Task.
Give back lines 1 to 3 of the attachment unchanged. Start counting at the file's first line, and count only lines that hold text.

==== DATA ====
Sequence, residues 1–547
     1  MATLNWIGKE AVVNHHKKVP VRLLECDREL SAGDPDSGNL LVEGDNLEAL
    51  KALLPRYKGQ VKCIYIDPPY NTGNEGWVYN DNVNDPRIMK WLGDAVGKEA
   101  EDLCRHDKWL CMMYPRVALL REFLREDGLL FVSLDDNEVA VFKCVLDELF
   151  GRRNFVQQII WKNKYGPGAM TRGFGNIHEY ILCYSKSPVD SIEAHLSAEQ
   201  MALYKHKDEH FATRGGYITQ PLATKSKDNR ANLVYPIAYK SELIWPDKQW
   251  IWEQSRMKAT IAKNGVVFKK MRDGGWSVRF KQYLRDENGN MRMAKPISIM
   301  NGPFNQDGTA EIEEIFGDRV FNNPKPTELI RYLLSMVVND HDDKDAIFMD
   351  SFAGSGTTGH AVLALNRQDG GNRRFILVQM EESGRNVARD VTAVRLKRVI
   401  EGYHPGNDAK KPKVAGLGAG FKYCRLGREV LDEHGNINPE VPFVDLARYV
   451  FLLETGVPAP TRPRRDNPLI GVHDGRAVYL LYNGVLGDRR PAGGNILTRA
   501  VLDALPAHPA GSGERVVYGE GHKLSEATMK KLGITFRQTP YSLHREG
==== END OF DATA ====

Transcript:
Sequence, residues 1–547
     1  MATLNWIGKE AVVNHHKKVP VRLLECDREL SAGDPDSGNL LVEGDNLEAL
    51  KALLPRYKGQ VKCIYIDPPY NTGNEGWVYN DNVNDPRIMK WLGDAVGKEA